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HJ Speirs, Seckl JR, and RW Brown

Glucocorticoids play important roles in organ development and 'fetal programming'. Fetal exposure to excess glucocorticoids reduces birth weight and causes later hypertension. To investigate these processes further we have determined the detailed ontogeny in the mouse of the glucocorticoid receptor (GR) and 11beta-hydroxysteroid dehydrogenase type-1 (11beta-HSD1), which amplifies glucocorticoid levels locally; the ontogeny was determined using in situ hybridisation from embryonic day 9.5 (E9.5, term=E19) until after birth. At E9.5 fetal GR mRNA levels are very low, except in fetal placenta. GR gene expression rises during gestation with striking tissue-specific differences in timing and extent. Before E13.5, an increase is clear in gastrointestinal (GI) and upper respiratory tracts, discrete central nervous system (CNS) regions, precartilage and especially in the liver (E10.5-E12). Later, further increases occur in lung, GI and upper respiratory tracts, muscle, pituitary and thymus. In a few tissues such increases are temporary, e.g. ureteric ducts (E13.5-E16.5) and pancreas (E14.5-E16.5, expression later falling sharply). Fetal 11beta-HSD1 mRNA expression is first clearly observed at E14.5-E15, initially in the fetal placenta then in the umbilical cord. Later, 11beta-HSD1 expression is seen as follows: (i) from E15 in lung and liver, rising strongly; (ii) thymus, from E15 (lower level); (iii) at low levels in a few brain regions, including the hippocampus (E16.5+); and (iv) in muscle group fascial planes and tendon insertions. This is the first detailed study of the ontogeny of these two genes and, in combination with previous work on the ontogeny of 11beta-HSD2 and the mineralocorticoid receptor, suggests potential critical periods of glucocorticoid sensitivity during development for several organ systems.

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P MacDonald, S MacKenzie, LE Ramage, Seckl JR, and RW Brown

Corticosteroid control of distal nephron sodium handling, particularly through the amiloride-sensitive sodium channel (ENaC), has a key role in blood pressure regulation. The mechanisms regulating ENaC activity remain unclear. Despite the generation of useful mouse models of disorders of electrolyte balance and blood pressure, there has been little study of distal nephron sodium handling in this species. To investigate how corticosteroids regulate ENaC activity we isolated cDNA for the three mouse ENaC subunits (alpha, beta and gamma), enabling their quantitation by competitive PCR and in situ hybridisation. Kidneys were analysed from mice 6 days after adrenalectomy or placement of osmotic mini-pumps delivering aldosterone (50 microg/kg per day), dexamethasone (100 microg/kg per day), spironolactone (20 mg/kg per day) or vehicle alone (controls). In controls, renal ENaCalpha mRNA exceeded beta or gamma by approximately 1.75- to 2.8-fold. All subunit mRNAs were expressed in renal cortex and outer medulla, where the pattern of expression was fully consistent with localisation in collecting duct, whereas the distribution in cortex suggested expression extended beyond the collecting duct into adjacent distal tubule. Subunit mRNA expression decreased from cortex to outer medulla, with a gradual reduction in beta and gamma, and ENaCalpha decreased sharply ( approximately 50%) across the outer medulla. Expression of ENaCbeta and gamma (but not alpha) extended into inner medulla, suggesting the potential for inner medulla collecting duct cation channels in which at least ENaCbetagamma participate. Aldosterone significantly increased ENaC subunit expression; the other treatments had little effect. Aldosterone caused a 1.9- to 3.5-fold increase in ENaCalpha (particularly marked in outer medullary collecting duct), but changes for beta and gamma were minor and limited to the cortex. The results raise the possibility that medullary ENaCalpha upregulation by aldosterone will create more favourable subunit stoichiometry leading to a more substantial increase in ENaC activity. In cortex, such a mechanism is unlikely to have a major role.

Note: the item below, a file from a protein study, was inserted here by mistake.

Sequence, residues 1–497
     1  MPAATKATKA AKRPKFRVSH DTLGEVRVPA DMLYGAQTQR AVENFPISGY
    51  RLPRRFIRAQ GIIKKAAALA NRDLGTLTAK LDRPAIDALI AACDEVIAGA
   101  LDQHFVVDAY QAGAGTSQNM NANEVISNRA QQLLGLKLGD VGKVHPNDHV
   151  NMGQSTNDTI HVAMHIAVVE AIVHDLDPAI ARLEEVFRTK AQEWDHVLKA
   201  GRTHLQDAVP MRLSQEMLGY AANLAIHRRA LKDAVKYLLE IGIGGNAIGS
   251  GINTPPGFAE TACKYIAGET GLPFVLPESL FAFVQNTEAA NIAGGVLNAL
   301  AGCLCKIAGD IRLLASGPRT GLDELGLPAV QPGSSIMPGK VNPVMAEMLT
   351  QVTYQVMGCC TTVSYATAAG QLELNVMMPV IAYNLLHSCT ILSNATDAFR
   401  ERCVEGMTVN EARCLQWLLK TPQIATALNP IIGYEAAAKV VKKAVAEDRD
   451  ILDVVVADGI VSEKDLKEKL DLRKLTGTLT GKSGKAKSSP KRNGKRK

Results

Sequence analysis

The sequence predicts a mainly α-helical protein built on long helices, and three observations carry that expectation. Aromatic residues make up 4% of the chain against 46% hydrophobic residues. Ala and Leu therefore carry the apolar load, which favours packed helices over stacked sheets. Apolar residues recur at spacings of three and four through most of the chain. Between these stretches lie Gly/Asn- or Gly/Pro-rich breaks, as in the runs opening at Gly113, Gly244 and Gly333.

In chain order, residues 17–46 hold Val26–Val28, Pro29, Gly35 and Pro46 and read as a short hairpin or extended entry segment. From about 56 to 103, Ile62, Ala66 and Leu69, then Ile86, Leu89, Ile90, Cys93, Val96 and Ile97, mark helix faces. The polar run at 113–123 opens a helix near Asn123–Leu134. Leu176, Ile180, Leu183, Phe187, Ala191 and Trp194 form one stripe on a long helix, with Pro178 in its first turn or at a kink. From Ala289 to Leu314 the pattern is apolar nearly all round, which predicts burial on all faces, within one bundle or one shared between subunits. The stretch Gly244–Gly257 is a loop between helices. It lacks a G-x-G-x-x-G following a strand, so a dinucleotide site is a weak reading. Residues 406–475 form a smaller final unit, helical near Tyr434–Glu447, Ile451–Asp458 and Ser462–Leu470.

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R.G. Forage, R.W. Brown, K.J. Oliver, B.T. Atrache, P.L. Devine, G.C. Hudson, N.H. Goss, K.C. Bertram, P. Tolstoshev, D.M. Robertson, D.M. de Kretser, B. Doughton, H.G. Burger, and J.K. Findlay


Seven Merino–Border Leicester cross–bred ewes were immunized with a purified fusion protein, produced by recombinant DNA methods, of the a subunit of bovine inhibin. Four animals were immunized with the fusion protein alone and three with a conjugate made by coupling the fusion protein to keyhole limpet haemocyanin (KLH) using glutaraldehyde. Each animal received four injections of the fusion protein over 93 days. The animals were synchronized using progestagen sponges and subjected to laparoscopy for the determination of ovulation rates in two consecutive cycles (days 115 and 135). The immunized animals had overall mean ovulation rates for each cycle of 3.4 and 3.4 which was significantly (P < 0.001) above the rates of 1.1 and 1.4 determined for the controls, which had either received no treatment (n=5) or had been immunized with 300 μg KLH (n=4). Analysis of antisera taken on day 115 showed significant fusion protein antibodies and iodinated inhibin–binding capacity in the test but not control groups. Furthermore, antisera to the fusion protein in four out of seven ewes neutralized the inhibin bioactivity of ovine follicular fluid in an in–vitro bioassay. These data demonstrate that neutralization of inhibin can be effected by immunization with bovine inhibin a subunit and that such immunization results in increased ovulation rates as predicted from the biological role of inhibin as a suppressor of FSH.